On 4 July 2023, Finance Watch responded to a joint consultation from the ESAs on the Review of SFDR Delegated Regulation to:
- extend the list of social principal adverse impact (PAI) indicators,
- refine the definition and formulas of existing adverse impacts,
- introduce the reporting of GHG emissions reduction targets in the SFDR product templates,
- clarify DNSH disclosure design options,
- simplify the SFDR product templates.
Finance Watch welcomes the ESAs work to improve the transparency and clarity of the SFDR-related disclosures. Currently, investors are still left in uncertainty to fully understand the sustainability level of financial products and financial market participants. In its response, Finance Watch took a conservative approach in order to consider the risk of misinterpretation by the investors and prevent accidental or voluntary underestimation of adverse impacts. Consistency, rigor and clarity are important for the investors to clearly understand the reported information. Finance Watch therefore welcomes the proposed adaptations made to the PAI definitions and the introduction of new formulae, and comments on certain propositions to achieve the best results.
In particular, Finance Watch supports the inclusion of mandatory social PAI indicators that will bring consistency with CSRD and cover important matters for investors and other stakeholders. However, the inclusion of new indicators also emphasizes the importance of starting a revision of ESG MiFID level 3. Moreover, an attention point remains on the availability of the data as the Commission has included, in the draft CSRD delegated acts, the proposed social PAI indicators as being subject to a materiality assessment.
Concerning the treatment of derivatives, having distinctive approaches between the positive impact of the financial products (Taxonomy alignment and proportion of sustainable investment) and the PAI indicators is an important clarification, but the exclusion in the case where the FMP can show that the derivative does not ultimately result in a physical investment by the counterparty could create a loophole through the use of cash-settled derivatives instead of physically-settled derivatives.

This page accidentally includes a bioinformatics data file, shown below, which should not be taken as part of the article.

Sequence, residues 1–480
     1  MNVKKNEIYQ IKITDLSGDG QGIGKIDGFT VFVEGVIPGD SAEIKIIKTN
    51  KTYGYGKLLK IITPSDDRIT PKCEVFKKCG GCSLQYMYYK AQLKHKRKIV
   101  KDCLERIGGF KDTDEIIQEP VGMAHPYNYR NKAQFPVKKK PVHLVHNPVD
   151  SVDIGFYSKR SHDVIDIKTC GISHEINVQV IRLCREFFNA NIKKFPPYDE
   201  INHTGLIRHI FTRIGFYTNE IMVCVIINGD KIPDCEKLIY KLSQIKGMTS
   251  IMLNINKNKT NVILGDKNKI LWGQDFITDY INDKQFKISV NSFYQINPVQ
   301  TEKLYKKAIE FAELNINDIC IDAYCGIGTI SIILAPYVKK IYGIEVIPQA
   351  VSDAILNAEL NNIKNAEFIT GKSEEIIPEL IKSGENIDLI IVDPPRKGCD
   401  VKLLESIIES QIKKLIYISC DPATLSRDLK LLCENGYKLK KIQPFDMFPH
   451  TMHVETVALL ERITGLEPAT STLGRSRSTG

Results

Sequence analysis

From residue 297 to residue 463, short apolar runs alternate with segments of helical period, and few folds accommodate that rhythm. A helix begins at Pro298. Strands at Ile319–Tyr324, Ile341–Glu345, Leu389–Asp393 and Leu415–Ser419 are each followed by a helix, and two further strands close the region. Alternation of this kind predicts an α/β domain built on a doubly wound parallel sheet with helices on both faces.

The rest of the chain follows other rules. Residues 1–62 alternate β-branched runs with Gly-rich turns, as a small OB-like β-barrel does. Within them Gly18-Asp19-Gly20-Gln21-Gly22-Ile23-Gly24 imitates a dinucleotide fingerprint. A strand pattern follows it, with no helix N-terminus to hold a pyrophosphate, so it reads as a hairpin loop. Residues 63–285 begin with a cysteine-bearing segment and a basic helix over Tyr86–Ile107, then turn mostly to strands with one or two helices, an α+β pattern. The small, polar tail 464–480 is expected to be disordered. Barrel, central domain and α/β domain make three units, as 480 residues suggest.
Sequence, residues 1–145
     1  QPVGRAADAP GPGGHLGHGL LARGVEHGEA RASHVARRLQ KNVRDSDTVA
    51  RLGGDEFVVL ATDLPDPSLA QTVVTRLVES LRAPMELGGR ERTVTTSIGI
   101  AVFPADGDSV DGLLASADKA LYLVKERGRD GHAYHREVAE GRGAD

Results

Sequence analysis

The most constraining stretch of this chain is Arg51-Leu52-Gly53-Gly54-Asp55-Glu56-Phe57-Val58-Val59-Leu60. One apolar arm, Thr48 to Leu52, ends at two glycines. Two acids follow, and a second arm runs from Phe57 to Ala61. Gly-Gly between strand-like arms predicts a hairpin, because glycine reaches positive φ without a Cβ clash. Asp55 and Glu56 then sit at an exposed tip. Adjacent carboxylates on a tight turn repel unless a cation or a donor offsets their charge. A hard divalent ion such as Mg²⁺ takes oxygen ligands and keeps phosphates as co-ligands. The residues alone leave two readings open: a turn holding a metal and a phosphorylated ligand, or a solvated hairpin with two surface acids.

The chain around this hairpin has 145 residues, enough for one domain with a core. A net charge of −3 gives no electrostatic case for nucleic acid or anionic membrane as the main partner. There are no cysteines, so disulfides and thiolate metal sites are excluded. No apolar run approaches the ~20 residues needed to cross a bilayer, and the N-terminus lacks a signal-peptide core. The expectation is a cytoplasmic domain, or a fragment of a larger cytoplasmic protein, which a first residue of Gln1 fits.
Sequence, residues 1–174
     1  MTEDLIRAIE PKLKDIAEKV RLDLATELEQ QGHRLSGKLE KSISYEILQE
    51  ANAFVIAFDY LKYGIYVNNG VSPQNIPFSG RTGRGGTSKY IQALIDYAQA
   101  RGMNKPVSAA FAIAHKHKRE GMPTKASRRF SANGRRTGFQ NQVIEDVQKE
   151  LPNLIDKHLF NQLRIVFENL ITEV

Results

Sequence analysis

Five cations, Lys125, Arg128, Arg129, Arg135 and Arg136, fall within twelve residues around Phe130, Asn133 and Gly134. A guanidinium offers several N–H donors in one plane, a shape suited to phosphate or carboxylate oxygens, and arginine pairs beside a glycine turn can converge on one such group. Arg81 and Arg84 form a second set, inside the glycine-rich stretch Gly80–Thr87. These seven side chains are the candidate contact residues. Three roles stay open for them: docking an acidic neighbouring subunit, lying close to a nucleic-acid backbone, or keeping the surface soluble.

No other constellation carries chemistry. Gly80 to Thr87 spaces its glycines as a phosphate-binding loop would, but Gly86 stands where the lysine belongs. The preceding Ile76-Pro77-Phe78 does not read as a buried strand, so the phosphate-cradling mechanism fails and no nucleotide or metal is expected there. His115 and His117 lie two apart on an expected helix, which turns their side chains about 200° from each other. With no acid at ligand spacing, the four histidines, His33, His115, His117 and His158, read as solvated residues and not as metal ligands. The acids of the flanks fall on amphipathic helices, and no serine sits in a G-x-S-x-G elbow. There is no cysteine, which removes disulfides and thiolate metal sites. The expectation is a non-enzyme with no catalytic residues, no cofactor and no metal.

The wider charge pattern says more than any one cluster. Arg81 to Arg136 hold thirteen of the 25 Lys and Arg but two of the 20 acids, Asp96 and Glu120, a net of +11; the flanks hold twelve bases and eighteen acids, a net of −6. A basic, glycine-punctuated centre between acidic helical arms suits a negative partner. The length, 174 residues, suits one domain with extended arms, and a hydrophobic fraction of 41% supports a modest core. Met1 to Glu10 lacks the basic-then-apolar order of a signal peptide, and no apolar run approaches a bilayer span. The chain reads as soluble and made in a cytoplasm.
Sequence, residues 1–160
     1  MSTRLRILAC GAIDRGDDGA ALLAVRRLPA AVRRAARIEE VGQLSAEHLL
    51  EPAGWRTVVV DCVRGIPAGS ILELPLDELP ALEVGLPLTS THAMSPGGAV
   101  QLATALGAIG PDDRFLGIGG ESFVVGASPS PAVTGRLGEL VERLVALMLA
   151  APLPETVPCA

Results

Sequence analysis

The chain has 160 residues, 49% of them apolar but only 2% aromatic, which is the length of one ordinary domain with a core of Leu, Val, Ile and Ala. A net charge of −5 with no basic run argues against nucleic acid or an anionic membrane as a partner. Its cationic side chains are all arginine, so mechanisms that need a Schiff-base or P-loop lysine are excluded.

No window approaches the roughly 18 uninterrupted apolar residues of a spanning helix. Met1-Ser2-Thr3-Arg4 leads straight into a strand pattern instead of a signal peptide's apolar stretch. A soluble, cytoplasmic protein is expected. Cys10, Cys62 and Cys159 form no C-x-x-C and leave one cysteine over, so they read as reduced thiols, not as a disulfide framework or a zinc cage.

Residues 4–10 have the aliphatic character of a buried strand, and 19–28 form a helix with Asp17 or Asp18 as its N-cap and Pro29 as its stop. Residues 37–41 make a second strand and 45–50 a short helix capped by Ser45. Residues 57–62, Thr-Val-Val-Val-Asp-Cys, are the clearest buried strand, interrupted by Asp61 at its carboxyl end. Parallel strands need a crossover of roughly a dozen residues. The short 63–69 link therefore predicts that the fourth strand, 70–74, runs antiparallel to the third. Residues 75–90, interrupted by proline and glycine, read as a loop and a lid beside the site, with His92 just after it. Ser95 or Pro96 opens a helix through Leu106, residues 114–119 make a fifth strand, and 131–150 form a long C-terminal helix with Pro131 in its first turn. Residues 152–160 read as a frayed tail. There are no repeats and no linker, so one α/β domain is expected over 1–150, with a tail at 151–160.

Finance Watch also strongly supports the introduction of disclosures on GHG emissions reduction targets and the methodology to reach those targets as it could contribute to giving the possibility to investors to invest in impactful financial products. We however believe that the four blocks from the dashboard (taxonomy alignment, percentage of sustainable investment, PAIs and GHG emissions reduction targets) could bring confusion with the current 3 sustainability-related preferences of ESG MiFID and ESG IDD. In that context, we believe that ESG MiFID and IDD delegated acts should integrate this additional notion to the sustainability preferences.
Finally, Finance Watch takes the opportunity to reiterate the importance of clarifying the notion of sustainable investment, although this would require reopening SFDR level 1. The flexibility given by the Commission indeed allows very different methodologies, which ultimately reveals a great disparity between products with the same SFDR classification and disclosing the same level of sustainable investment. As a result, SFDR opens the door to greenwashing practices.